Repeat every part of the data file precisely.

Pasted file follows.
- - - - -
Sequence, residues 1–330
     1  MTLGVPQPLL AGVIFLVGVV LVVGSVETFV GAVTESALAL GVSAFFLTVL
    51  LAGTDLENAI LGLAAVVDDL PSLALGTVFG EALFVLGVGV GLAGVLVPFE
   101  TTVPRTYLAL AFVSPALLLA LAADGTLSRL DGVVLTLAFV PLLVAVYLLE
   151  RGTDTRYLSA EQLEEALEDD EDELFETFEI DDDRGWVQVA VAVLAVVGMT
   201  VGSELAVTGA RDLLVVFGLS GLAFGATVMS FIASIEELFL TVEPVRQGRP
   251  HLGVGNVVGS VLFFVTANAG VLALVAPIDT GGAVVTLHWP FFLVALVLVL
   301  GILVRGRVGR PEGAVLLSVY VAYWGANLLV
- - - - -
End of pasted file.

Sequence, residues 1–330
     1  MTLGVPQPLL AGVIFLVGVV LVVGSVETFV GAVTESALAL GVSAFFLTVL
    51  LAGTDLENAI LGLAAVVDDL PSLALGTVFG EALFVLGVGV GLAGVLVPFE
   101  TTVPRTYLAL AFVSPALLLA LAADGTLSRL DGVVLTLAFV PLLVAVYLLE
   151  RGTDTRYLSA EQLEEALEDD EDELFETFEI DDDRGWVQVA VAVLAVVGMT
   201  VGSELAVTGA RDLLVVFGLS GLAFGATVMS FIASIEELFL TVEPVRQGRP
   251  HLGVGNVVGS VLFFVTANAG VLALVAPIDT GGAVVTLHWP FFLVALVLVL
   301  GILVRGRVGR PEGAVLLSVY VAYWGANLLV